About fifteen years ago I became part of the "Cult of Moleskine" - one of the many that started writing in little paper notebooks with rounded corners. While waiting for work meetings in coffee shops I would empty my head into the pages, and try to convince myself that hanging on to a hand-written journal was somehow worthy. I even bought a fountain pen.

I filled the pages with thoughts, ideas, and reflections on life as it happened - a back channel of sorts into the depths of "me". Gradually the Moleskine notebooks became fashionable among the glitterati of the social internet, and suddenly it wasn't enough to simply write words - the words had to be accompanied by doodles, diagrams, and drawings. In the meantime, Instagram had begun to happen, and an arms race began - to curate the most beautiful nonsense, to photograph it, and to wallpaper the internet with it.

I continued writing but decided to keep my rather mundane pages of words to myself. It always seemed a little strange that people would so willingly share pages from private notebooks - their inner-most thoughts - until I realised they were almost entirely fabricated, like so many of the social media personalities that were emerging - portraying pretend lives filled with yoga classes, clothes shopping hauls, and boutique restaurant visits.

After perhaps a decade, and the compilation of quite an impressive row of little black notebooks on the shelf in the junk room at home, I stopped writing. My life had changed - the house was now filled with children, washing up, and a pretty consistent level of chaos. The quiet moments when I might have sat down with the paper journal had grown scarce - with blog posts, tumblogs, and tweets almost entirely replacing them.

And then something unexpected happened.

A wave of paper journals began to flood social media again - fighting back as Don Quixote might have done against the mobile application windmills. While most people - myself included - were pretending to organise their lives with Things, Wunderlist, Todoist, Trello, Keep, Remember the Milk, and Dropbox, a small army were beginning to walk to their own beat. Pictures of notebook pages covered in a grid of fine dots began to appear across Pinterest and Instagram - filled with lists of tasks, schedules, and plans for world domination. It struck me that a lot of people seemed to be incredibly busy - until I took a closer look, and saw the familiar yoga classes, clothes hauls, and restaurant visits.

I held out for perhaps six months before finding out more.

They were called "Bullet Journals". You could buy them from just about anywhere - but there were "Bullet Journals", and there were "Bullet Journals". It appeared the most sought after, salivated over, and praised editions were made by a company called "Leuchtturm 1917", which nobody knew how to pronounce properly. I spent a good hour researching the name one night - I'm still not sure why, because I could have just asked a German friend that lives across the road.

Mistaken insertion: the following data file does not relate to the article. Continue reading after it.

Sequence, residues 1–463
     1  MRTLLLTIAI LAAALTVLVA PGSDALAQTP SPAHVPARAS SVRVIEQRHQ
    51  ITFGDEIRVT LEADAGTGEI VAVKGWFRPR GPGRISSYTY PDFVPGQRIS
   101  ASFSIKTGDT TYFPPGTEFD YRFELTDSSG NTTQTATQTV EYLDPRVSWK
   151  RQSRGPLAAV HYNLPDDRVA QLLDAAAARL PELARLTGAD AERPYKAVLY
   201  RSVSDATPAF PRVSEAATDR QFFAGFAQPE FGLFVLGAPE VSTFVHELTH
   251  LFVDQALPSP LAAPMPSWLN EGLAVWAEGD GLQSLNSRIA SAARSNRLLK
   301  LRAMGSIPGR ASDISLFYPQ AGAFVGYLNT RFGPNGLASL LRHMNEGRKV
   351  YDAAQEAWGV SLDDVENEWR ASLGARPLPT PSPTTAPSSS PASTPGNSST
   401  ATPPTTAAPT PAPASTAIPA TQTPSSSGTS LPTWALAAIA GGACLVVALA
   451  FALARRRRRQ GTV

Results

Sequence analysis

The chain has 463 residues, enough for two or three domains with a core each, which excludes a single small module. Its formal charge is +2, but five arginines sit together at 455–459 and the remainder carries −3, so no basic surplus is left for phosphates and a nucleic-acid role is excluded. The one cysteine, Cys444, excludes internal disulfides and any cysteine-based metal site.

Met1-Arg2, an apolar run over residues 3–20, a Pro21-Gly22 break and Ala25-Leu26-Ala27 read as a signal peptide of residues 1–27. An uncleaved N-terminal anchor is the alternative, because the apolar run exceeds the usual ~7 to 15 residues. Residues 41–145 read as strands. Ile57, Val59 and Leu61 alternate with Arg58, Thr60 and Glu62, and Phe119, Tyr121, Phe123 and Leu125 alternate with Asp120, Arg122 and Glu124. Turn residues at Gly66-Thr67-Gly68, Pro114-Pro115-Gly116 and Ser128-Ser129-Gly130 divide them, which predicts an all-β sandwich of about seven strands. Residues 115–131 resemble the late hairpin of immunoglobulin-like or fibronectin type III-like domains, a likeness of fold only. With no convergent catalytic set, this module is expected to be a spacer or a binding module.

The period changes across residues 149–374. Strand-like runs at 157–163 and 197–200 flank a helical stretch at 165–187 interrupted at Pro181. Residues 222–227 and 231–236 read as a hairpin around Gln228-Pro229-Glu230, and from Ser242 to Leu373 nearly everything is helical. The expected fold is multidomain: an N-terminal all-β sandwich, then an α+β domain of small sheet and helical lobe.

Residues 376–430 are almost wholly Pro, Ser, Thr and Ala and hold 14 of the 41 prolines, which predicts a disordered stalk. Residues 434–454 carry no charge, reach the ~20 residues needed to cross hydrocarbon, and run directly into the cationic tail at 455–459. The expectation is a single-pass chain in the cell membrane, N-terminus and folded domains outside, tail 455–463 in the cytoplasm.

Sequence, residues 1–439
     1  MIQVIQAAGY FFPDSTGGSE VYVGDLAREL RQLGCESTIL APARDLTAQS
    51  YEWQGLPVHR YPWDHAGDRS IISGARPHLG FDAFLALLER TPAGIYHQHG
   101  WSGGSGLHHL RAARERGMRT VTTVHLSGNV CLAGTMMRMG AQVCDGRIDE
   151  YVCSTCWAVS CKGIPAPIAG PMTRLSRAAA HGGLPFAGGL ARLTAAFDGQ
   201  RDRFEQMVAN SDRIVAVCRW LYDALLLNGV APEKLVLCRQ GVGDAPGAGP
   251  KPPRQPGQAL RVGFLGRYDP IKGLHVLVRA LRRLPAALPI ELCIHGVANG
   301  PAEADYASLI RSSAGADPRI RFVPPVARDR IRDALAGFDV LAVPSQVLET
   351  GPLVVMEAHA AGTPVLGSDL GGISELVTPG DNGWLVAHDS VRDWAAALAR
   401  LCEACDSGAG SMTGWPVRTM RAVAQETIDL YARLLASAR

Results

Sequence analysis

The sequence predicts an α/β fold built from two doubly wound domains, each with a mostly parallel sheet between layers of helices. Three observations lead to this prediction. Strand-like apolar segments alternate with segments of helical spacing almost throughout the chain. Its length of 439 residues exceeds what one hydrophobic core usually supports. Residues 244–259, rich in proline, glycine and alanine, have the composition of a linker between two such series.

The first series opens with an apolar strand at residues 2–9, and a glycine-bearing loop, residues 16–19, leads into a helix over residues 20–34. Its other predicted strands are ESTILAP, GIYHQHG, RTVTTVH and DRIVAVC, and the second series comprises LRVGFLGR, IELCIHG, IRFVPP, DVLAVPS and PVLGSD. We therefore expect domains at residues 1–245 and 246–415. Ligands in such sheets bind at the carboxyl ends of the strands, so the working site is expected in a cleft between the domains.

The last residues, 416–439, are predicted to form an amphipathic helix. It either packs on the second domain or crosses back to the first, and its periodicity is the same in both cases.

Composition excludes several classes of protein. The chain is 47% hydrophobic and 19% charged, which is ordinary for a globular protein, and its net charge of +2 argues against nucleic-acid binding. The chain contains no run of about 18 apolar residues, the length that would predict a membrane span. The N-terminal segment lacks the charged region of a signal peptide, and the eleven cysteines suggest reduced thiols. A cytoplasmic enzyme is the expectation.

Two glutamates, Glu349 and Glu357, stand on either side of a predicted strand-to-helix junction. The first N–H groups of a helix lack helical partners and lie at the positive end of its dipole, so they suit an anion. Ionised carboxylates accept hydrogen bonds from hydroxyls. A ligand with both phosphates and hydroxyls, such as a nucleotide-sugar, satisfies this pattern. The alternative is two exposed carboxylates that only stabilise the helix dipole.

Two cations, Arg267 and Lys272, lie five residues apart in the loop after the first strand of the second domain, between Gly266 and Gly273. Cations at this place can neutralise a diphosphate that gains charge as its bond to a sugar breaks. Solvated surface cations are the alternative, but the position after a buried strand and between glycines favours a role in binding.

Just as I had been seduced so many years previously, before long I found myself standing in a stationery shop with a Leuchtturm 1917 bullet journal in my hands. I handed it over at the counter, and the pretty girl at the checkout smiled. I wondered if I had just joined some sort of secret society.

It took me a long time to realise the important thing about bullet journals isn't the book - it's the process. It's a hack - a beautiful life hack that turns a paper notebook into a victory for pragmatism over technological progress. Through a simple process of writing down the things you need to get done each day, and migrating forwards the things you haven't got around to, you suddenly defeat every mobile app in existence - with a device whose battery never runs out, that never requires an update, and that doesn't auto-correct the words you write down.

Migration turned out to be the most beneficial aspect of the bullet journal story for me - the repetitive nature of migrating tasks forward - planning your day, your week, your month, or even your year. Or maybe that's the lyrics of the soundtrack from the TV show "Friends"? The repetition works on both your short term memory and your guilt. Writing something down that you've still not done pulls at a loose thread of your organised mind, until you finally cave and have an argument with yourself - "FINE! I'll do it! Will you leave me alone now?" (inside voice of course - otherwise you risk being ejected from earlier mentioned coffee shops).

For Christmas last year I received "The Bullet Journal Method" - the book by Ryder Carroll about how a friend convinced him to tell the world about the way he organised his paper notebooks. I read it throughout Boxing Day and annoyed the rest of my family with revelations of the things I could have been doing. They are still things I could be doing of course because I am the laziest bullet journaller in the known universe. This is a good thing - because otherwise Instagram and Pinterest might be filled with all the yoga, clothing hauls, and restaurant meals I have planned.

In the interests of transparency, honesty, and guilt (a continuing theme), I should perhaps volunteer that I have not been faithful to my bullet journal(s) at all. I have flirted with Filofaxes, and had flings with Microsoft To Do, Evernote, and Trello - but always returned with my tail between my legs. Nothing quite matches the flexibility and practicality of a task list surrounded by scribbled notes, asterisks, crossings out, and badly drawn diagrams of things I'll have no idea about in six months. That's not the point though.

The bullet journal is about what I need to get done today, and tomorrow, and it's pretty damn good at that.